Scott Carney wearing mask for testing at the CU Sports Medicine and Performance Center
Scott Carney tests his carbohydrate and fat burning capabilities at the CU Sports Medicine and Performance Center. (Photo by Scott Carney)

As I write in What Doesn’t Kill Us, environmental variation really is a third pillar that is very rarely recognized. In my own training, I don't do many other exercises. My wife is a very dedicated gym person, but I am not. I mostly do metabolic work and it does great things for me. Then, through modulating the environment, I have been able to vastly change my ability to metabolize fat. Now, I can endure variations in temperature very well and am better able to accomplish challenges when I undertake them. I was able to hike up Mount Kilimanjaro, and I did the Toughguy Race in England while just wearing a bathing suit. Most of that ability came from Wim's breathing method and the environmental conditioning. I use a modified version of his breathing method that only takes about 15 minutes, but it's very much inspired by what I learned from Wim Hof. I take cold plunges and cold showers when I can.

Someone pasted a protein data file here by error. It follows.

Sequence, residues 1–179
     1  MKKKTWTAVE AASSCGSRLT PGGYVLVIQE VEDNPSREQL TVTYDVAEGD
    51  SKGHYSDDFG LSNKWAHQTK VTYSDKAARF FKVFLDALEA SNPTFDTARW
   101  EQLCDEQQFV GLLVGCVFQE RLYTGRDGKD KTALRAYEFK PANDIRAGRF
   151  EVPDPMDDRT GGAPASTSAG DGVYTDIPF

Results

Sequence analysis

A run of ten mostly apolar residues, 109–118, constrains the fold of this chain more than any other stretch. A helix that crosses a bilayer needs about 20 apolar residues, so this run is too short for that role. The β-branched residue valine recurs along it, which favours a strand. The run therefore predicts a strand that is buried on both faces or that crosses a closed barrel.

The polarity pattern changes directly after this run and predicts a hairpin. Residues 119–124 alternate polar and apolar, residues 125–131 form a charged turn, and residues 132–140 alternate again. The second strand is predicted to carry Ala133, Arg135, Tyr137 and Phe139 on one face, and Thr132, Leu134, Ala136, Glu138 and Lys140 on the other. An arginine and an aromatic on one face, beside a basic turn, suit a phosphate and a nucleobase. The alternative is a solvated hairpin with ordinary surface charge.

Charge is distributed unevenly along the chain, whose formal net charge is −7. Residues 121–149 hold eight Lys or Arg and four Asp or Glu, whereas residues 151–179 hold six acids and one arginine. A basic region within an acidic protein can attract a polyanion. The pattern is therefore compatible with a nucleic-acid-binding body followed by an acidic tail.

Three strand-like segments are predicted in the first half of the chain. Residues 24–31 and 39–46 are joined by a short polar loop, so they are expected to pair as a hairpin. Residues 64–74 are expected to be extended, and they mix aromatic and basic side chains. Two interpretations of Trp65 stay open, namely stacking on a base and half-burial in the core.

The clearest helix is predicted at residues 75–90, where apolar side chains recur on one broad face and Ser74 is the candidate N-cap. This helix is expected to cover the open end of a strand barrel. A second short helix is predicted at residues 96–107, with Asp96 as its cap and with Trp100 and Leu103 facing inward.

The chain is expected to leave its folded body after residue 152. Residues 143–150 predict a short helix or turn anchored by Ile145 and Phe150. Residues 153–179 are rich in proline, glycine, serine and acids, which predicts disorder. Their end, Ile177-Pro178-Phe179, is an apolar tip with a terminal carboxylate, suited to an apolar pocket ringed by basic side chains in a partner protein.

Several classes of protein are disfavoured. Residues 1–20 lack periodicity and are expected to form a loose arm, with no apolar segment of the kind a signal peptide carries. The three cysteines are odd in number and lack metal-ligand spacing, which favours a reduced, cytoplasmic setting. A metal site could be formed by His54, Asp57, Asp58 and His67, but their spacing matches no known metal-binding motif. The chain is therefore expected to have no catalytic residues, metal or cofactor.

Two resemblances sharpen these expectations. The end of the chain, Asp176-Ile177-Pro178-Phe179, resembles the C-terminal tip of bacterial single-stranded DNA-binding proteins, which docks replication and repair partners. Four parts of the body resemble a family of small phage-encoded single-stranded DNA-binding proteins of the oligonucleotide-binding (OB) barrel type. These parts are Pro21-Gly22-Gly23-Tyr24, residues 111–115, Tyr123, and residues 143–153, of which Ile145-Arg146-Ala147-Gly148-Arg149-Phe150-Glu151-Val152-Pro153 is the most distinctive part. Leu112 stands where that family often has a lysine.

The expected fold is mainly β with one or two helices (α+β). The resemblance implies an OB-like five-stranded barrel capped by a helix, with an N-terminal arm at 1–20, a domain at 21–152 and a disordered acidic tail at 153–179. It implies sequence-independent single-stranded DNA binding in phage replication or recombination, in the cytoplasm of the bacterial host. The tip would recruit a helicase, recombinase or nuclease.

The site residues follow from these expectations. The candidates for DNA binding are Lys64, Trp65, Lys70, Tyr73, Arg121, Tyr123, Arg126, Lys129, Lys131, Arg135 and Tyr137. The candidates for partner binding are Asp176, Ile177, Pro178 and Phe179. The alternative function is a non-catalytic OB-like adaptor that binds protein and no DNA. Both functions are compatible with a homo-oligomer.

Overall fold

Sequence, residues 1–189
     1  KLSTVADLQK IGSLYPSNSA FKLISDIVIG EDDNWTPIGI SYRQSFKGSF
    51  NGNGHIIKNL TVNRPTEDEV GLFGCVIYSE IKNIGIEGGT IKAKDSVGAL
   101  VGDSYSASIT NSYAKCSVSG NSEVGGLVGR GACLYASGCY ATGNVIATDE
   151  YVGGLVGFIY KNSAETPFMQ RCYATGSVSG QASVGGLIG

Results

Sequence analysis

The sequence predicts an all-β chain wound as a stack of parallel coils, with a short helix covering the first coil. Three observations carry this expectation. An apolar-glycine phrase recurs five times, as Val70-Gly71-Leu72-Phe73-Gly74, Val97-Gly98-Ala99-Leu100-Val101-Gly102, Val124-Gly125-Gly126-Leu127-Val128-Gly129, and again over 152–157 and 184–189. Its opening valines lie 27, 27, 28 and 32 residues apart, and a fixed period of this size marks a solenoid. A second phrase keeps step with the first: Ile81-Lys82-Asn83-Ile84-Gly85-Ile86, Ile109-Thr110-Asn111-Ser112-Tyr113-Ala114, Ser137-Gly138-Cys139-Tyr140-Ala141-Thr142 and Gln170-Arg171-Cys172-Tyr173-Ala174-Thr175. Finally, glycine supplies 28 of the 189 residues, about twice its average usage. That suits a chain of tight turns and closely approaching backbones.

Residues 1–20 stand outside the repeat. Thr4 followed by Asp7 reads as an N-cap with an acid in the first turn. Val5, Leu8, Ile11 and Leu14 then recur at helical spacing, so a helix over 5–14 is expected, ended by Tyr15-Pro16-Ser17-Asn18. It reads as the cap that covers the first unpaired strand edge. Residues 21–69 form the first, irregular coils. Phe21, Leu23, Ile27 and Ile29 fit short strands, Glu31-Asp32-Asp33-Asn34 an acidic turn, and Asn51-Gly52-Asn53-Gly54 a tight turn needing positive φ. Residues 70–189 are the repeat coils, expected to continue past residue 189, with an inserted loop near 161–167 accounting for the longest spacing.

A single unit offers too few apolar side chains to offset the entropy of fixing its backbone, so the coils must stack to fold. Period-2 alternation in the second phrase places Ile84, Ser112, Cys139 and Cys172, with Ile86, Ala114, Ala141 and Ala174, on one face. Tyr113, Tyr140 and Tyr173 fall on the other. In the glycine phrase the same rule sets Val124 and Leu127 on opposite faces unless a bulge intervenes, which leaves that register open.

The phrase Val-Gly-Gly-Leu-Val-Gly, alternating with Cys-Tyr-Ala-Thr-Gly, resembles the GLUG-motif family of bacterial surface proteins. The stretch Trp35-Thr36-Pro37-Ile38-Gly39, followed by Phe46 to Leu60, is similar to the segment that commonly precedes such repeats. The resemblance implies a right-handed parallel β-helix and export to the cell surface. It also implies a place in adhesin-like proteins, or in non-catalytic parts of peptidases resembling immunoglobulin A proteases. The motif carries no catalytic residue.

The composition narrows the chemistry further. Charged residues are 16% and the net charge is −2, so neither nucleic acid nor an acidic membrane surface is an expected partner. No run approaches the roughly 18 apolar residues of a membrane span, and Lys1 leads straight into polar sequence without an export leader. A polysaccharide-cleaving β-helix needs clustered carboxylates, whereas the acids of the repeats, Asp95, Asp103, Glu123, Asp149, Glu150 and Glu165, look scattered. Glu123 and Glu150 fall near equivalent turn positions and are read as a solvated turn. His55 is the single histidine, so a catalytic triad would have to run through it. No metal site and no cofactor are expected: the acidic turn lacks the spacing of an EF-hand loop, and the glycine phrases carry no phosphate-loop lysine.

Scott Carney Oxidation Rates Before
Scott’s baseline carbohydrate (blue) and fat (purple) burning profile as he reached his VO2 max recorded on May 1, 2015 before starting the Wim Hof method on a regular basis. He managed six stages and the two lines intersected between the 2nd and 3rd stage (meaning he started burning more carbs and fewer fats at that point.)
 
 
Scott Carney Oxidation Rates After
After several months of practicing the Wim Hof method, but otherwise keeping his exercise routines the same, Scott managed to radically change his metabolism. This graph of his results from the January 27, 2016 test indicates he managed 7 stages of increased exertion and, more importantly, continued to burn primarily fat for five stages of the test. To quote Rob Pickles, "Big picture: you’re a lot more efficient with how you use energy than you were when I tested you in the summer. It’s like you’d added seven hours of exercise to your routine every week."